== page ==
Notes to The Influence of Islamic Thought on Maimonides
1. See Pines 1963, lvii-cxxxiv. One might note too Steven Harvey's further work on the themes addressed by Pines; see for example Harvey 1991, 31-59.
2. Stroumsa points to Davidson 2005, 80; see Stroumsa 2009, 25, n. 3.
3. For text, see Badawi 1955; for English, see Lewis 1959. For overview and treatment, see Aouad 1989; Adamson 2002.
4. This text is an edited summary of parts of Proclus’ Elements of Theology.
5. This can be seen in his letter to Samuel Ibn Tibbon; see Marx 1935; for relevant excerpt, see Pines 1963, lx; and for somewhat different reading of that excerpt, see Steven Harvey 1991, 32, n. 3.
6. In his letter to Samuel Ibn Tibbon (the translator of the Guide into Hebrew), Maimonides describes Aristotle's works as foundational, and Averroes as one of the most important commentators on those works. For further discussion, some excerpts and further references, see Pines 1963, lix ff.
7.See Davidson 2005, 95; there he notes in particular that Maimonides might well have not had access to works of al-Ghazali, but might simply have learned of Ghazalian ideas in other texts; in this regard he notes that “[w]here Maimonides encountered th[ese ideas] is therefore uncertain.”
8. For an overview of the debate over the status of divine attributes in Islamic theology, see the chapter on “Attributes” (Chapter 2) in Wolfson 1976. See also the brief and extremely helpful overview discussion of Kalam theology debates in Fakhry 1999. For a useful analysis of Maimonides on the essence / existence divide, see Altmann 1969.
9. Some but not all have argued for a link between this group and the Mu‘tazilite school; see Stroumsa 2009, 10. Stroumsa also argues in detail for the direct influence on Maimonides of Almohadic legal principles of engaging only foundational texts and striving for brevity (without recounting sources, and without recounting legal disputes); see Stroumsa 2009, chapter 3.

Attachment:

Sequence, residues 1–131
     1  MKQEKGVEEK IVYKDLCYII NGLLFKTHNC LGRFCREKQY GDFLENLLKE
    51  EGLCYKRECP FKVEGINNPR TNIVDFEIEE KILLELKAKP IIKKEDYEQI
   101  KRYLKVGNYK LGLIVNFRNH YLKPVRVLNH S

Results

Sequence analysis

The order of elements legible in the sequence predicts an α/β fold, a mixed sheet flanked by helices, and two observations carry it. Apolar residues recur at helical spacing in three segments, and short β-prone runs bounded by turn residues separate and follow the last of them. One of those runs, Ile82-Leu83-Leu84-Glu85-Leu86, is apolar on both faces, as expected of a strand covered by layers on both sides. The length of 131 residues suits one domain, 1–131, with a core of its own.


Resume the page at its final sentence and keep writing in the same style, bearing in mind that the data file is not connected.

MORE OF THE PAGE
10. For fuller discussion of this idea, including an analysis of Maimonides' reading of Exodus 33-34 and the 13 Attributes of Divine Mercy, see Pessin 2012.
11. For a lucid analysis of Averroes on creation with key primary text citations, see Taylor 2012a.
12. For Aristotle's description of God as a First Mover and as an intellect knowing itself, cf. Aristotle, Metaphysics Bk. 12, chapter 7 (1072b10ff.) See BWA 880 ff.
13. For overview of various passages pulling in both of these competing directions, see Pines 1963, cxiii-cxv; for a sense of Maimonides’ special sensitivity to opposing descriptions of God as a mover of the first sphere, one might consider Maimonides’ opposition to Sabianism alongside Maimonides’ summary description at Guide 3.29 of the Sabians specifically in terms of a belief in God as the spirit of the sphere. For an overview of Maimonides’ opposition to the Sabian heresy, as well as a sense of this category in Maimonides as a phenomenologically-rooted, as opposed to an historically-rooted, reference to a certain kind of pseudo-scientific outlook, see Stroumsa 2009, 84-105 and 138-52; on Sabianism, see too Pines 1963, cxxiii-iv.
14. Though see Davidson for why the Platonic “creation ex aliquo” view – and not Aristotelian eternity – would better count as creation ex nihilo's “opposite” in the context of the Guide; cf. Davidson 1979.
15. For a treatment of how terms of creation and emanation might be conceptually reconciled (including a treatment of H.A. Wolfson and A. Altmann on this theme), see Pessin 2003.
16. This “creation” / “innovation” terminology can already be found in al-Kindi, and earlier in Ps. Ammonius' On the Opinions of the Philosophers. See Altmann and Stern 1958, 68 ff. See too various creation entries in Encyclopaedia of Islam (see above in main text for references).
17. See Aristotle, Metaphysics Book X11, esp. Chapter 8, 1073a10ff, a discussion about the idea that “each of these movements [viz. the eternal motions of the planets] also must be caused by a substance both unmovable in itself and eternal…” (BWA 882; 1073a32). As part of that discussion, Aristotle (at 1074a12) concludes that there are 47 celestial spheres. We might here compare Maimonides' own claim that, according to Aristotle there are 50 spheres (G 2.4, P 257). See too G 1.72, P 185 where Maimonides rules out there being any fewer than 18 spheres.
18. Maimonides is particularly worried about mistaken ideas to which the term “overflow” has led in the context of astrology. For an overview of Maimonides on this theme (with references to key literature on the topic), see Pessin 2001.